Each quarter, we analyze millions of data points about the mobile device trade-in market. Our research uncovers insights into the most-traded devices, the devices with the highest trade-in values, the total amount of money returned to consumers in the United States, the average value of traded devices, and more.
Over the years we’ve been conducting this research, one trend has been the most promising—even as we saw seasonal ups and downs, the secondary market has shown consistent growth.
And though the world experienced extreme hardship through Q2 2020, the secondary market continues to hold strong.
Average Trade-In Values Point to a Strong Secondary Market
One way we gauge the strength of the secondary market for mobile devices is by looking at how average trade-in values change quarter-over-quarter.
The reason this works so well is because we continue to see that consumers are trading increasingly older devices. When we looked at data from Q2 2019, the average age of a trade-in device was just over three years (3.01). In Q2 2020, the average age of used devices was 3.13 years.
When we see that average trade-in values increase alongside the average age of used devices, we know that the secondary market is trending upward. That’s what we have in this quarter’s data.
In Q2 2020, the average trade-in value for mobile devices was $111 (with the average iPhone trade-in value at $152.31 and Android smartphones at $84.50). Despite external forces hurting all kinds of markets, this was an increase compared to Q1 2020 when the average trade-in was worth $102.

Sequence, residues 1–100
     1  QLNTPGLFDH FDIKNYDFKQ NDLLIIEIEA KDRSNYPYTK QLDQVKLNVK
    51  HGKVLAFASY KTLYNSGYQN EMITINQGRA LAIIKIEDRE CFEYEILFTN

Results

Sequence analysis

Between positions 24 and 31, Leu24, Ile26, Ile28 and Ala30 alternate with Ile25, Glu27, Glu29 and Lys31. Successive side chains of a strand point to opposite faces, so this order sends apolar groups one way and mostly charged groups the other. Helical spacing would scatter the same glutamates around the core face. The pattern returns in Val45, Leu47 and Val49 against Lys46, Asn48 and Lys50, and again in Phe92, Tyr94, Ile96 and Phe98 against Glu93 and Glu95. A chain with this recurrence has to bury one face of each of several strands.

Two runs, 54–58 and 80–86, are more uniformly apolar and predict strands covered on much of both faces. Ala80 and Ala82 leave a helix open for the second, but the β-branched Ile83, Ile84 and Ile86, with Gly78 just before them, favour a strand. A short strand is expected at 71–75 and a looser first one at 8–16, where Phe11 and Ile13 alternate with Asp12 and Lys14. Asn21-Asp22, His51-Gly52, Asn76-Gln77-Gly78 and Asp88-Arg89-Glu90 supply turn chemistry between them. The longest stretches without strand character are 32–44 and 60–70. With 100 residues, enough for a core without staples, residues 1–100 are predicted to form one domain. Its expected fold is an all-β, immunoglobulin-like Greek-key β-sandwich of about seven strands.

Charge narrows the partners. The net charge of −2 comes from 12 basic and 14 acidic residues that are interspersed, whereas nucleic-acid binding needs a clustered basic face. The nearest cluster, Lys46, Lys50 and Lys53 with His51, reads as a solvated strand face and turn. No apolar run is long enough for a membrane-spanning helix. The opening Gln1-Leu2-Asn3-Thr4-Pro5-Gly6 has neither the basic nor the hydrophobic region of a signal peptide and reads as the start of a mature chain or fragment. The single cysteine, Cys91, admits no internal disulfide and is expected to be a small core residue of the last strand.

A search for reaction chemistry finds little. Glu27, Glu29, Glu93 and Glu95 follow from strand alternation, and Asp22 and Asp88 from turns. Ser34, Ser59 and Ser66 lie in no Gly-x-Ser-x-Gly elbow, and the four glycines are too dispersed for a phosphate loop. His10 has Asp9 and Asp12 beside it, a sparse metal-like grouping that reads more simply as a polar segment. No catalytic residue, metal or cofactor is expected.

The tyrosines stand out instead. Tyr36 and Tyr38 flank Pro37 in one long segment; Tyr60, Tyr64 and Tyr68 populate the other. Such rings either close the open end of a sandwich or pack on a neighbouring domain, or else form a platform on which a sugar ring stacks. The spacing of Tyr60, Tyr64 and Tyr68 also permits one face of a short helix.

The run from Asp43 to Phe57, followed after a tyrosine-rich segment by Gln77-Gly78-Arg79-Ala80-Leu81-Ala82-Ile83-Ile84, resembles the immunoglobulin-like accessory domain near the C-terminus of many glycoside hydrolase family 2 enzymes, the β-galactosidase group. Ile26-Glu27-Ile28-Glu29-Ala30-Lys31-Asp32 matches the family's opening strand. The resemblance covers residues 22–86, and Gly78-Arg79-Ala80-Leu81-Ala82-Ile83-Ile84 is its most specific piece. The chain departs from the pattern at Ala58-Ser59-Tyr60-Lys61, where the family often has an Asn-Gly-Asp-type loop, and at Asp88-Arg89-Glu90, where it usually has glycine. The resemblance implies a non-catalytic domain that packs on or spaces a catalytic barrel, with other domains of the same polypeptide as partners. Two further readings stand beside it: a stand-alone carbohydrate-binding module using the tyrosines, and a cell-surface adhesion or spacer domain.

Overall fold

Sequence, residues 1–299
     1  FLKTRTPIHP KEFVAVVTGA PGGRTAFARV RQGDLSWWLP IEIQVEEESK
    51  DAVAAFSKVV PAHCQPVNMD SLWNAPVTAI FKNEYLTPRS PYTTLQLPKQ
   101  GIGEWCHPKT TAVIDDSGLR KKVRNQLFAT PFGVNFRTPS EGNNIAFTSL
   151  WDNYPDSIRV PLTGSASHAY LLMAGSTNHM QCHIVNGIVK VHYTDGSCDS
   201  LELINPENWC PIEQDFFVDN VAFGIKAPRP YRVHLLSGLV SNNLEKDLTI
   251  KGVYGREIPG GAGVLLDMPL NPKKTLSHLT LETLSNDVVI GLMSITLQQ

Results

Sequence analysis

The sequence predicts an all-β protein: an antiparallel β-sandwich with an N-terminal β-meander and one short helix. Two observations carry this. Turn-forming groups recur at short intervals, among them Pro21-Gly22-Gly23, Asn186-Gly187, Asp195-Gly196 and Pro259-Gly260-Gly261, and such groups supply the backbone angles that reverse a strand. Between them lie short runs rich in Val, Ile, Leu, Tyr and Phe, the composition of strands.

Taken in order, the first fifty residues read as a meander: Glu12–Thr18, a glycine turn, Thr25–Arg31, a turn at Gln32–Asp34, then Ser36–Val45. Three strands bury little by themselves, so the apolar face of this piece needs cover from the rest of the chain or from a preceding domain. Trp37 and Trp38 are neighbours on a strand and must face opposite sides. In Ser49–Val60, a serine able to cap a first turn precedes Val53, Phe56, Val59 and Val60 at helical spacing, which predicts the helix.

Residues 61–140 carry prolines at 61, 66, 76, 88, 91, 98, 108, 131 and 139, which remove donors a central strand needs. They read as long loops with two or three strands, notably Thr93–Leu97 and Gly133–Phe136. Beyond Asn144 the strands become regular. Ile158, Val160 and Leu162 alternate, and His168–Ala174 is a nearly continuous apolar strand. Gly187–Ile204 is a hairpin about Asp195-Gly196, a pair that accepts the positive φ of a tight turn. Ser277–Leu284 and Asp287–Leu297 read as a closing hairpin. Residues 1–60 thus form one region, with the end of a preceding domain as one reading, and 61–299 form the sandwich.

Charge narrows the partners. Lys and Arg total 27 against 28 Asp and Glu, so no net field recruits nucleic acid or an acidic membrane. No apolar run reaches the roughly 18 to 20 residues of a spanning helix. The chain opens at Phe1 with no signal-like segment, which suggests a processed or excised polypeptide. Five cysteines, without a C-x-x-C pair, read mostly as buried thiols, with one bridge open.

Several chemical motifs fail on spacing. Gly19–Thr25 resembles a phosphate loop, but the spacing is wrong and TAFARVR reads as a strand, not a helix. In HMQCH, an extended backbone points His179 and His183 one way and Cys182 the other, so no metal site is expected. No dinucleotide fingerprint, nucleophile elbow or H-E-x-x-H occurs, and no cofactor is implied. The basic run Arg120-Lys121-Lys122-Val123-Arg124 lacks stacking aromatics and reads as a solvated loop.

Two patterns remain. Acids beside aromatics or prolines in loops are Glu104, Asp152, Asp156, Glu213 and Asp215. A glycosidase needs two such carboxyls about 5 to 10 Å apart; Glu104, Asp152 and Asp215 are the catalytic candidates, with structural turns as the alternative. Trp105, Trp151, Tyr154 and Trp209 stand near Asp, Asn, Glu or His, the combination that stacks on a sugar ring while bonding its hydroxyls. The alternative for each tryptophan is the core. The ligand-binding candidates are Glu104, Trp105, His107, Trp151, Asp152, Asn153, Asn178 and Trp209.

The fact that pre-owned devices are holding their value despite troubling economic forces is a good sign that the secondary market is still growing.
The Evolution of Trade-In and Buyback Programs
In the past, mobile device trade-ins happened almost exclusively at the point of sale. And while the point of sale is still generally a crucial part of any trade-in process, that aspect of carrier, retailer, and OEM operations didn’t exist in Q2 2020.
With many physical locations closed for a great deal of the quarter, we were interested in seeing how the secondary market would be affected. Despite the lack of physical point of sale interactions, trade-in and buyback programs still returned $226 million to consumers.
Our data showed that online device trade-ins increased 66% over the same period last year and 172% over Q1 of this year. From on-device condition assessment to omnichannel device collection options, the industry has continued to adapt to evolving consumer expectations by taking the trade-in process digital.
The ability to sustain secondary market supply and demand despite the unusual circumstances of Q2 2020 only proves that this industry has matured significantly over the years we’ve been tracking it.
Staying Ahead of the Mobile Trade-In Industry
Last year when we ran the Q2 data for mobile trade-ins, we mentioned that the secondary market is expected to reach a $52.7 billion valuation by 2022.
Despite the uncertainty that 2020 has brought, the trade-in data from Q2 2020 shows that the secondary market can withstand challenges and hopefully remain on the path to that valuation.
The more carriers, retailers, and OEMs digitize their trade-in programs, the easier it will be to withstand external market forces that impact revenue streams from pre-owned devices. Even with limited time to adapt programs in Q2 2020, the secondary market held strong. Moving into Q3, when trade-in promotions usually emerge to push new device rollouts, it will be interesting to see how the secondary market performs.
If you want to learn more about the Q2 2020 data, check out the latest quarterly trade-in data infographic and view the full results.